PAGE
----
However, if you’re shooting close-range targets, laser sights offer multiple advantages. First, you can line up shots from unconventional shooting positions, and you get lightning-fast target acquisition. Just keep in mind that a laser works both ways. While it makes it easy to aim, it also shows your target exactly where you’re at.
This can have two effects. One, it can deescalate a potentially dangerous situation. Two, it can get you shot. Those are drastically different outcomes, but either can happen if you’re using a laser sight in a tactical situation.
Deciding which sight is right for you depends on various factors, but one of the most important is how often you’ve practiced using your pistol. This is a time to be realistic: If you’re not going to head out to the range frequently and just want a pistol for home defense, a laser sight is a great choice.
But if you plan on practicing and mastering your sight, red dot sights can have significant advantages.
You want a red dot sight anytime that you’re going to be shooting targets that are farther than 25 yards out and/or when you’re going to be shooting in bright conditions. You also want a red dot sight when hiding your position is key.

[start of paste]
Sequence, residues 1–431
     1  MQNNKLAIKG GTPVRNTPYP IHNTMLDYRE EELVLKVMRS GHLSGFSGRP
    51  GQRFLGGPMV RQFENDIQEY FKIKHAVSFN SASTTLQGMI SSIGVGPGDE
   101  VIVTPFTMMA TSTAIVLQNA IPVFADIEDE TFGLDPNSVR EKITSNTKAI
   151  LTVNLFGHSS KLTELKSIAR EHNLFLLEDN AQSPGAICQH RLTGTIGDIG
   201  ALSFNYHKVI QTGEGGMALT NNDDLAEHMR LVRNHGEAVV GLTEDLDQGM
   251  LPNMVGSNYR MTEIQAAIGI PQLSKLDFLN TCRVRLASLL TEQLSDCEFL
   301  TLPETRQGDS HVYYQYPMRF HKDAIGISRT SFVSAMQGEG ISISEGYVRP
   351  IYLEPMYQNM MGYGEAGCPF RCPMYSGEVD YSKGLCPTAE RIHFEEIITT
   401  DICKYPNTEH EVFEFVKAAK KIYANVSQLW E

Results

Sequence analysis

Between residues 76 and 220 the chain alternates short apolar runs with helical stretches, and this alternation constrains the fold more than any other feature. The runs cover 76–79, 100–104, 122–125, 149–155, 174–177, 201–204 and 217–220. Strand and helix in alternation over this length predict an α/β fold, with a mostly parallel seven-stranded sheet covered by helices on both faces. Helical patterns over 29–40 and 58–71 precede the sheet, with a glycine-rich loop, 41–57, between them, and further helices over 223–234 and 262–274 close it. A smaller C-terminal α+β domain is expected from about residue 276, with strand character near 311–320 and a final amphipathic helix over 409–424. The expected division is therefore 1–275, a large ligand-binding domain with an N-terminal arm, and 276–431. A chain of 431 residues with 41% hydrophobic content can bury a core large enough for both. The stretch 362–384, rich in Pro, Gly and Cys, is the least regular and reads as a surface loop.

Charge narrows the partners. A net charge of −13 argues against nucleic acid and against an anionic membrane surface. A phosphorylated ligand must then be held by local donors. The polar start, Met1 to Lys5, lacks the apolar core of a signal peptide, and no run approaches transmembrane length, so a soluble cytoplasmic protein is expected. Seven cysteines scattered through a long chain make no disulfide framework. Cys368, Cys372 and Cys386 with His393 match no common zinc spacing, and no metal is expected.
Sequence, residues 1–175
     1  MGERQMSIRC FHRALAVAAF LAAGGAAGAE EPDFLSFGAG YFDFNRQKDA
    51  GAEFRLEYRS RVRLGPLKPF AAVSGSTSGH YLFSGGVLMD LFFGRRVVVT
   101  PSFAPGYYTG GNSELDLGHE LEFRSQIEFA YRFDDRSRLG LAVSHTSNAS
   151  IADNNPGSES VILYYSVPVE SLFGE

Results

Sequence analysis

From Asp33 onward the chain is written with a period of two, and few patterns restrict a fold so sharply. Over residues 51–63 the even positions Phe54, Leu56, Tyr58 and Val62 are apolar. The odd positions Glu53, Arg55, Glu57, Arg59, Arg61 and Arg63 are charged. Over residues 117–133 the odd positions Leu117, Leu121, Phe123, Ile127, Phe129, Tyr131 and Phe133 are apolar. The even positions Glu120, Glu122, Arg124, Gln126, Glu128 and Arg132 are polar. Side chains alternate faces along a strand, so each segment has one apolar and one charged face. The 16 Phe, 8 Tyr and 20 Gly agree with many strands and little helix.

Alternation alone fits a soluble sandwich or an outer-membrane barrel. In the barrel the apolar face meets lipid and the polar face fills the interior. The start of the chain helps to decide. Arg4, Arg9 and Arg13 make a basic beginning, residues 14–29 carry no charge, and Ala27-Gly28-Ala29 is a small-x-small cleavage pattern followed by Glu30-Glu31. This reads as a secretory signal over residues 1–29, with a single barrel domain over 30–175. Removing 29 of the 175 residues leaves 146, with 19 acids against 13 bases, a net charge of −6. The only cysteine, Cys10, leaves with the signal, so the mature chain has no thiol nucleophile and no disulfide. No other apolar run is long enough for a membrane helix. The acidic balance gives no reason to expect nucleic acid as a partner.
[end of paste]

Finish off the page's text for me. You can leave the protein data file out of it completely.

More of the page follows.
While it might be nice to have a laser sight to line up shots in the dark, it does let everyone know where you’re at. That’s not the case with a red dot sight.
You want a laser sight when you’re shooting at close-range targets and when you won’t be in overly bright situations. You also want a laser sight when you need the fastest possible target acquisition.
This is a huge perk when you have a laser sight for home defense. You want to line up your target as soon as possible, and sometimes you’ll be shooting from unconventional positions. These are both areas in which laser sights excel.
While both red dot and laser sights can be costly if you get a top-notch option, there’s no doubt that a red dot sight costs more. Not only is the sight itself usually more expensive, but you also often need to spend even more to get the appropriate rails and mounting equipment.
The average cost to get a decent red dot sight and mount it to your pistol is at least $300, while decent laser sight costs around $200. If you’re going for a top-end option, the difference is even starker. Top-end red dot sights cost close to $800, while top-notch laser sights cost close to $400.
If you’re looking to get a top-notch red dot or laser sight, it’s critical that you know what you’re getting. Both are excellent options but they have drastically different purposes.
Hopefully, this guide walked you through everything that you need to know about both options, so you know exactly what you’re getting when you make a purchase.
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Robert’s obsession with all things optical started early in life, when his optician father would bring home prototypes for Robert to play with. Nowadays, Robert is dedicated to helping others find the right optics for their needs. His hobbies include astronomy, astrophysics, and model building. Originally from Newark, NJ, he resides in Santa Fe, New Mexico, where the nighttime skies are filled with glittering stars.